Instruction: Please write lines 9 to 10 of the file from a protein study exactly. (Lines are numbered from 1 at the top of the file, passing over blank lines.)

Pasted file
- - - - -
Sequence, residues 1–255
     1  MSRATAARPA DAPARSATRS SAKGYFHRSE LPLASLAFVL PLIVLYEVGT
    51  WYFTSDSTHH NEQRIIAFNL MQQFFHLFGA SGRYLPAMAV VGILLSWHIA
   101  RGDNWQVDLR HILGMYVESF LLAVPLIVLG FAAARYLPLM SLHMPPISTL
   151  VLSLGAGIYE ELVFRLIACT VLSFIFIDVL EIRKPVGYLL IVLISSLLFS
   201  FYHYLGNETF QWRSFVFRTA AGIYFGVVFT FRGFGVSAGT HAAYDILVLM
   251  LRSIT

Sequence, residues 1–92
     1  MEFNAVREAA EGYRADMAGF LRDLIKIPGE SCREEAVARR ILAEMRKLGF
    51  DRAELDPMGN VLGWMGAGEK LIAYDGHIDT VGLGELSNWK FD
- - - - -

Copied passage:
     1  MEFNAVREAA EGYRADMAGF LRDLIKIPGE SCREEAVARR ILAEMRKLGF
    51  DRAELDPMGN VLGWMGAGEK LIAYDGHIDT VGLGELSNWK FD